Indira is not thrilled when she has to team up with an android to put together an art show, but she quickly learns that Fawn is more than just a android. They learn to work together and explore their artistic sides through photography. Eventually, the two girls discover that friendship is possible no matter if you are cyborg, human, or android. They begin to have romantic feelings for each other as well.
I liked this story pretty well. It’s not amazing, but it was interesting to explore the world of androids and cyborgs, and see how society has different prejudices against AI, and how technology is used in unexpected ways. The world building was great! The plot was just okay.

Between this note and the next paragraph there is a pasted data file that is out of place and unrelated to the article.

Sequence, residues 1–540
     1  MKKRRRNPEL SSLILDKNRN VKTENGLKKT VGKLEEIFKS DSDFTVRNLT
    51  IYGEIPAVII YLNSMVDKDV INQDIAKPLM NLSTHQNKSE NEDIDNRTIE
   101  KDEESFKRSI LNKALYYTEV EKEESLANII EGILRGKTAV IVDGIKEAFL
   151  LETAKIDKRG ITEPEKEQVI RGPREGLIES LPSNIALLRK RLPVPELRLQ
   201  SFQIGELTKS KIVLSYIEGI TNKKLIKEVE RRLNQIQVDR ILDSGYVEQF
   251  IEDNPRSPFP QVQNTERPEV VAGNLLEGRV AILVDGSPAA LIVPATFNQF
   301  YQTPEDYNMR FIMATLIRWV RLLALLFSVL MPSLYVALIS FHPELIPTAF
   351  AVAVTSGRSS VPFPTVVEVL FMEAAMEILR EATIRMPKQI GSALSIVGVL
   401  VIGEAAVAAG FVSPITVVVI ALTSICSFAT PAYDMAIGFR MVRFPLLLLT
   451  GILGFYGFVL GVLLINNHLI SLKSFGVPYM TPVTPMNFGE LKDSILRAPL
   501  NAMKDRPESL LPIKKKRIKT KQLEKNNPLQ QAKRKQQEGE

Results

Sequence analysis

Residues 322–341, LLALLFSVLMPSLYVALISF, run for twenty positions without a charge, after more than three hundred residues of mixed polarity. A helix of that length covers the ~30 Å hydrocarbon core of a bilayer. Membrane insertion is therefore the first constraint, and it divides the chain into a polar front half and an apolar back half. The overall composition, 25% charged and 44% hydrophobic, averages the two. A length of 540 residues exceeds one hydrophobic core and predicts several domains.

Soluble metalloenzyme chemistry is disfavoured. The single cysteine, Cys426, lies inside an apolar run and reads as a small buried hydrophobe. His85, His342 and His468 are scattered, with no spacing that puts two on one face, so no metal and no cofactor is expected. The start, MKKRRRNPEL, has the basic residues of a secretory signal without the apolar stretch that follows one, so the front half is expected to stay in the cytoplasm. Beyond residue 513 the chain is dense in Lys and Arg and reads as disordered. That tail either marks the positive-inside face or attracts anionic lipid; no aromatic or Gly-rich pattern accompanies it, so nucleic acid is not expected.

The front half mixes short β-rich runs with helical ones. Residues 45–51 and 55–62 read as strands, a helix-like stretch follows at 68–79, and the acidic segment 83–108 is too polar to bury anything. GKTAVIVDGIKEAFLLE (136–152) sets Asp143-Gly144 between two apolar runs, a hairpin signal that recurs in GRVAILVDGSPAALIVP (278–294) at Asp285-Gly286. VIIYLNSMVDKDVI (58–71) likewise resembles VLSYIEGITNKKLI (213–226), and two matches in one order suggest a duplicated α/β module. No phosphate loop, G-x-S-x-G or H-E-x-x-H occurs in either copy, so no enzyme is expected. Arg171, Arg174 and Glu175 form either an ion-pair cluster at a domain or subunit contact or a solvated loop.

I didn’t connect with either of the main characters. They had some good character development, and I enjoyed slowly discovering more of their individual back stories. But nothing really grabbed my attention or touched my heart in a meaningful way. I liked the characters, but I didn’t love them.
I did not like that Indira and Fawn became romantically involved at the end. The lesbian romance felt forced. I think they would have been much better as just friends.
I liked the artwork in this book! It’s colorful and moody with wonderful artistic flare. It brings a lot of emotion to each page.
Disclaimer: I received a copy of this book from the publisher in exchange for a free and honest review. All the opinions expressed here are my own true thoughts, and are not influenced by anyone.